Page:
Forests and Wildlife

VNRC believes that keeping forests as forests is essential to Vermont’s ecological, economic and social well-being. Forests contribute to tourism and provide recreational opportunities, diverse forest products and energy. They also provide vital ecosystem services such as clean water, clean air, carbon storage, flood control, and wildlife habitat.

Maintaining healthy intact forests is a priority at VNRC, on both public and private land.  Because approximately 80% of Vermont’s forests are privately owned, Vermont must develop policies to help landowners and communities promote the long-term stewardship of their forestland. And because some of the largest blocks of forestland are publically owned in the state, VNRC believes it is vitally important to encourage model management and conservation practices on state, federal, and municipally owned forests.

To help accomplish these goals, the Forest and Wildlife Program at VNRC focuses on:

  • Assisting communities and local governments with innovative planning techniques for forestland and wildlife conservation.
  • Promoting dialogue with landowners, land managers, foresters, planners, state agencies, elected officials, and other stakeholders to develop policies to keep forests as forests.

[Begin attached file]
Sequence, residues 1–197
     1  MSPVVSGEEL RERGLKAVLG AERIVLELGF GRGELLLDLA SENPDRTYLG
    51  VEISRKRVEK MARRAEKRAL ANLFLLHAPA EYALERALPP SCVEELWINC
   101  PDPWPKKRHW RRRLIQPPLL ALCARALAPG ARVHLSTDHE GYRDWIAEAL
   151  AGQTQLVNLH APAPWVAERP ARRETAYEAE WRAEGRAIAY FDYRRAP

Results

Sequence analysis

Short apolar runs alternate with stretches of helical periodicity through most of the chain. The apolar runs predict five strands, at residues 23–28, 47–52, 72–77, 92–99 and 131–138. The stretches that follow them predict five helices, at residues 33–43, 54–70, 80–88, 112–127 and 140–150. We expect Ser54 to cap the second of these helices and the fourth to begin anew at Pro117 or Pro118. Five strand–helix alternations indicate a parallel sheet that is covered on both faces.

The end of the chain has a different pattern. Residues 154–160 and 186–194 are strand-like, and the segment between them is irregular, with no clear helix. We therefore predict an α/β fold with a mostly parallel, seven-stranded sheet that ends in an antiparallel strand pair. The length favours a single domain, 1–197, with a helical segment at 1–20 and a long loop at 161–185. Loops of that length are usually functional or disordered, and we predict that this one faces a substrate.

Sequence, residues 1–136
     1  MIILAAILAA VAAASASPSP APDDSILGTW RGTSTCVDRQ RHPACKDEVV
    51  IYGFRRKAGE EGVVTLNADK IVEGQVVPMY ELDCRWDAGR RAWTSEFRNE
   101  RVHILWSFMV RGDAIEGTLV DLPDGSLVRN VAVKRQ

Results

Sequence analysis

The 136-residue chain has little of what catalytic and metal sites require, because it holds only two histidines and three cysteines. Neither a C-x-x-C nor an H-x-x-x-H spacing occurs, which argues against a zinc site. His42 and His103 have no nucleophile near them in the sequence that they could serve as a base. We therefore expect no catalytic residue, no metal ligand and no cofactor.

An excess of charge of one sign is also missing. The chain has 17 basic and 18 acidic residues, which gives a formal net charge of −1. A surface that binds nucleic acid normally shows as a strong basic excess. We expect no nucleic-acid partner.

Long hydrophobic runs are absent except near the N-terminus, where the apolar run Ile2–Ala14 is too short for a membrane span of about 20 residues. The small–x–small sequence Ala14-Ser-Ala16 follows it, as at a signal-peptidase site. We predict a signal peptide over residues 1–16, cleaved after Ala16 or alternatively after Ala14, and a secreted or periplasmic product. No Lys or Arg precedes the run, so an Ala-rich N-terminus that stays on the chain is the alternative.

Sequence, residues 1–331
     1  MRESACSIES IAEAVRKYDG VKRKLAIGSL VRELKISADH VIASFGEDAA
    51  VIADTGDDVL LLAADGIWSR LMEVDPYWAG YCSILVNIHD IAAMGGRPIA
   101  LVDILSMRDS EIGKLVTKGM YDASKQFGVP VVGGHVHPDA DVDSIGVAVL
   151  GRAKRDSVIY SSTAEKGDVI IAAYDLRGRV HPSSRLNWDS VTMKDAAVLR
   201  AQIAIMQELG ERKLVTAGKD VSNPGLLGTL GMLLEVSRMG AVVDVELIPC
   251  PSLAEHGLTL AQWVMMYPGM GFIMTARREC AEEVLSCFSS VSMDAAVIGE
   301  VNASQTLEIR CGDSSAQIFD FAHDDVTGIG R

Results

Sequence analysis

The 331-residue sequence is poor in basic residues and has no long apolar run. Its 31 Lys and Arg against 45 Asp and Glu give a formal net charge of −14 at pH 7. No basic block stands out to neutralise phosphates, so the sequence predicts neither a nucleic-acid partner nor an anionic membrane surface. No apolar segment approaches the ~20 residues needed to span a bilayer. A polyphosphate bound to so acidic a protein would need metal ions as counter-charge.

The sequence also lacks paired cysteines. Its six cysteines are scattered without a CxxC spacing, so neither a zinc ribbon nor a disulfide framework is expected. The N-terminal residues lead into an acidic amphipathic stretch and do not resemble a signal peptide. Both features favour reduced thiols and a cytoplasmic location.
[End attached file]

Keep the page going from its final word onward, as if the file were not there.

• Encouraging legislation that promotes the maintenance and restoration of forests and wildlife habitat.
  • Encouraging and promoting sustainable forest management practices and sound tax policy and strategies to sustain working forests.
  • Protecting biological diversity, important natural communities, and ecologically sensitive resources.
  • Promoting sound stewardship and management of publically owned lands that include a diversity of appropriately protected areas in conjunction with well-managed forests and wilderness areas.
  • Educating landowners about strategies to promote long-term ownership and stewardship of intact forestland.
  • Encouraging sound energy policy that maintains forest health and the sustainable use of Vermont’s forest resources.

Program director:  Jamey Fidel, 802-223-2328 x117

Forests and Wildlife Projects

Conservation Planning

VNRC engages in planning to promote forestland and wildlife habitat conservation at multiple levels across Vermont.

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Forest and Habitat Fragmentation

A combination of forces are increasing land fragmentation and promoting unsustainable land use patterns in Vermont

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Technical Assistance to Communities

VNRC is working to develop creative new planning and zoning strategies in Vermont to promote forestland conservation and reduce forest fragmentation and parcelization.

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Vermont Forest Roundtable

The Forest Roundtable is a group of people with a common interest: the future of Vermont’s forests.

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Working Lands and Forest Management

Vermonters have a long tradition of living on, and with, the land.  VNRC supports that through our work on Current Use, Act 250, the Forest Roundtable, and the Working Lands Enterprise Initiative.

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